Claire Pagetti, "Developing multi-periodic critical embedded systems on multi/many-core architectures”
Claire Pagetti has a mathematical background and holds a PhD in
computer science from the Ecole Centrale de Nantes (2004). She is a
research engineer at Onera Toulouse, France and associate professor at
ENSEEIHT. Her field of interest is mainly in safety-critical real-time
systems. She is/was involved in FP7 projects (Scarlett, DREAMS) and
industrial projects on the use of multi-core and many-core. She leads
the RTRA cluster TORRENTS
We present an end-to-end framework, named Prelude/SchedMcore, for the design and the implementation of embedded systems. We illustrate the use of the framework through a comprehensive methodology to transform a baseline flight controller into a multi-periodic controller that can be executed on a multi/many-core target.
The developer first specifies the system using the Prelude language, a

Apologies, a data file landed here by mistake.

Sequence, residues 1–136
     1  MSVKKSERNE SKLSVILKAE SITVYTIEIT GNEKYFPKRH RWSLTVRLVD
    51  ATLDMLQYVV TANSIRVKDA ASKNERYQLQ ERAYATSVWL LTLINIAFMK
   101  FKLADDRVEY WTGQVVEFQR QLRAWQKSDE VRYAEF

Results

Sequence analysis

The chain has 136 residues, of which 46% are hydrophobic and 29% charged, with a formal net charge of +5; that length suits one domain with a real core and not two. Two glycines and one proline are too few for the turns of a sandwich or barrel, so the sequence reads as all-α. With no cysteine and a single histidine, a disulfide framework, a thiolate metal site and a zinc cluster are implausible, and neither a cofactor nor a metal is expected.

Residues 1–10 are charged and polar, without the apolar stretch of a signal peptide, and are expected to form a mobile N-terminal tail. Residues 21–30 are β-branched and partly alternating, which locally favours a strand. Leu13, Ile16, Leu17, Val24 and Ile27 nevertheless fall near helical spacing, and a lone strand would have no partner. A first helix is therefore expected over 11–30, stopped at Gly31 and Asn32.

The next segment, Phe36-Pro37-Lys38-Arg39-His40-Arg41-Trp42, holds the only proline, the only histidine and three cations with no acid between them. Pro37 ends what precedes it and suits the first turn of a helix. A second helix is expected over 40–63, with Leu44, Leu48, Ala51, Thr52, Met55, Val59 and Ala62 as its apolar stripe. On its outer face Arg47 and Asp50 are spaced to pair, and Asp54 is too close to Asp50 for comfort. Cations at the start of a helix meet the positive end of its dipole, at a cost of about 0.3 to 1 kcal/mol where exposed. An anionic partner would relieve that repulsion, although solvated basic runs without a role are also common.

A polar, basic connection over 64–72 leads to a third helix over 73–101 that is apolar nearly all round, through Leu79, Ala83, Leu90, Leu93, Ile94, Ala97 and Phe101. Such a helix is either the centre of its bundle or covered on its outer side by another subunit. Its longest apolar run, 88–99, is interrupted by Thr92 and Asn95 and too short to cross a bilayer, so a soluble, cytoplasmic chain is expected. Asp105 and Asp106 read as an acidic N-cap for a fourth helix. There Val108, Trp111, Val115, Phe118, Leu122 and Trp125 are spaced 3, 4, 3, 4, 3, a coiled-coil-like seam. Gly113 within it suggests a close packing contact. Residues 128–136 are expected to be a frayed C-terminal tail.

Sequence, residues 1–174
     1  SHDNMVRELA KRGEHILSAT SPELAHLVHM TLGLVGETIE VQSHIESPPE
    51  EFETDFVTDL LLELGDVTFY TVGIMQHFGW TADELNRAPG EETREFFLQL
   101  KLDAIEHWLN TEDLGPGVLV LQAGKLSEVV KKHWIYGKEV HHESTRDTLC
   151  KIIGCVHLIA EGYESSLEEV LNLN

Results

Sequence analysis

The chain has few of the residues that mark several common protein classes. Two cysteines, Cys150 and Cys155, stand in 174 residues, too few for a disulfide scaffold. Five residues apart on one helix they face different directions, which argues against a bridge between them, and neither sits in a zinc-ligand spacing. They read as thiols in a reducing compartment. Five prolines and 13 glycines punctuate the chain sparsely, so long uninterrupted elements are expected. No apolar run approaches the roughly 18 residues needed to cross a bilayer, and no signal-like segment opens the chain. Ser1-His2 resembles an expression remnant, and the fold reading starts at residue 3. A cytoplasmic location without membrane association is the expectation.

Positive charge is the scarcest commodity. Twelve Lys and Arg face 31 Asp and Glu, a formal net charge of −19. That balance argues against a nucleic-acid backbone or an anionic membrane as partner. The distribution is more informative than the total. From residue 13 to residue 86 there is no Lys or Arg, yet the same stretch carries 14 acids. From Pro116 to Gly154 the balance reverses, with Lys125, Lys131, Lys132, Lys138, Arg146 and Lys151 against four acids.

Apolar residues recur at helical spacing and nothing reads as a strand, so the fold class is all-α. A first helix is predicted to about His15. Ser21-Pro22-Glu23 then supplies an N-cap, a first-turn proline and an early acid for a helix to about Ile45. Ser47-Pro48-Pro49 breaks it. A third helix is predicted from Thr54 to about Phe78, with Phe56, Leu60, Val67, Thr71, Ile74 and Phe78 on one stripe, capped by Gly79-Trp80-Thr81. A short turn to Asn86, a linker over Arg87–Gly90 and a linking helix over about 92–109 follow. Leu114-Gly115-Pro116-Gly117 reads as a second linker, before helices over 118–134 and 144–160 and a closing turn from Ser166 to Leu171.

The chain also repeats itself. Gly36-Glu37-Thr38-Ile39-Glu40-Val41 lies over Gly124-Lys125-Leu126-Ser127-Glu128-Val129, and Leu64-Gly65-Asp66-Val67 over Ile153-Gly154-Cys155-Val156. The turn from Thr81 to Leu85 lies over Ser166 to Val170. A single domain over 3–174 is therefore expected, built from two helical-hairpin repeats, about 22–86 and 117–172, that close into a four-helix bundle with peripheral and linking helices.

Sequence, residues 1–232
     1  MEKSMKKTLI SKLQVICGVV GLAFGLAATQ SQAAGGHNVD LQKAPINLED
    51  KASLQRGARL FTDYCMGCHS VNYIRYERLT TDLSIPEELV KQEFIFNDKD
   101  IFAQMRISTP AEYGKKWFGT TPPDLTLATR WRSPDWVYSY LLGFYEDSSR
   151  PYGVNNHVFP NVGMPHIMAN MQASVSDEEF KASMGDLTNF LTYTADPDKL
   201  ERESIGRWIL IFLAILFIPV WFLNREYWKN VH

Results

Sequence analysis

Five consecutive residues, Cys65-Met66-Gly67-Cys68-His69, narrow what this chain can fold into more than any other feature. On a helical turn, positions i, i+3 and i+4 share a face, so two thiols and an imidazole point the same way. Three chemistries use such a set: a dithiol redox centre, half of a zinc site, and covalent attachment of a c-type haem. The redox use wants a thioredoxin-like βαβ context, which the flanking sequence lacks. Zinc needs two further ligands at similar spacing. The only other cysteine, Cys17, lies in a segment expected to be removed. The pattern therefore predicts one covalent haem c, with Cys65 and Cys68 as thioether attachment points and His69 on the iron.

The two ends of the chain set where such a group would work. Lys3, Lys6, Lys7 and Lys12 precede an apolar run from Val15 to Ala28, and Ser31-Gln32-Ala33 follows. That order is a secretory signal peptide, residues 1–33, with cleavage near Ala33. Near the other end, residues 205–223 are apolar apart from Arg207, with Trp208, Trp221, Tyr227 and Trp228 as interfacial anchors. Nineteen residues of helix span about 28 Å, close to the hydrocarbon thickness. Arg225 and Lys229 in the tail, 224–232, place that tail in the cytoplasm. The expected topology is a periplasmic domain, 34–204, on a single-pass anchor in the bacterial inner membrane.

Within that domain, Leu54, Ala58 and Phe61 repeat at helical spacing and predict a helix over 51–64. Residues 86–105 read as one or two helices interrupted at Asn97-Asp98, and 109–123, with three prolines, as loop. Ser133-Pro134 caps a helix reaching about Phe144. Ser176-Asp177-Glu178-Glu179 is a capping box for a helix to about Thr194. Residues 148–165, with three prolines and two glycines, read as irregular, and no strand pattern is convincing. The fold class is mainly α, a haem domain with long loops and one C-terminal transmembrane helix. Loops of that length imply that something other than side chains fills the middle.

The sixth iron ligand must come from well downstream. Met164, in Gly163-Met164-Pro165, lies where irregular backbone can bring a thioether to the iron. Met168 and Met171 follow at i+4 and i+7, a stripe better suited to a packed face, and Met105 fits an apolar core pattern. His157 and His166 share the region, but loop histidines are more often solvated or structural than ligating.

formal real-time architecture description language. Prelude belongs to
the synchronous data-flow languages and focuses on dealing with the
functional and real-time aspects of multi-periodic systems conjointly. More
precisely, a system is specified as a modular and hierarchical
assembly of several locally mono-periodic synchronous functions into
a globally multi-periodic synchronous system. The compiler then
translates the program into a set of communicating periodic tasks that
preserves the semantics of the original program. This requires to
respect extended precedence constraints among tasks and to consume
correct data using a specific communication protocol.
The designer can then integrate the dependent communicating tasks set on a real
target. To do so, the WCET (worst case execution time) of each task
must be computed and a scheduling policy must be chosen. SchedMcore
provides a schedulability analyzer that supports either global preemptive
policies (such as FP, gEDF, gLLF or LLREF) as well as partitioned non
preemptive ones. It can also generate static off-line
sequences. Finally, SchedMcore also provides a run-time environment to
execute the task sets on different targets.
The scheduler is tick-based, i.e., scheduling
decisions are taken only at discrete instants of a chosen
granularity, rather than at potentially every clock cycle. The
run-time has been ported on multicore with Linux as well as a
bare-metal framework on the Intel SCC and the ZOL (Zero Linux Overhead) environment on Tilera Gx.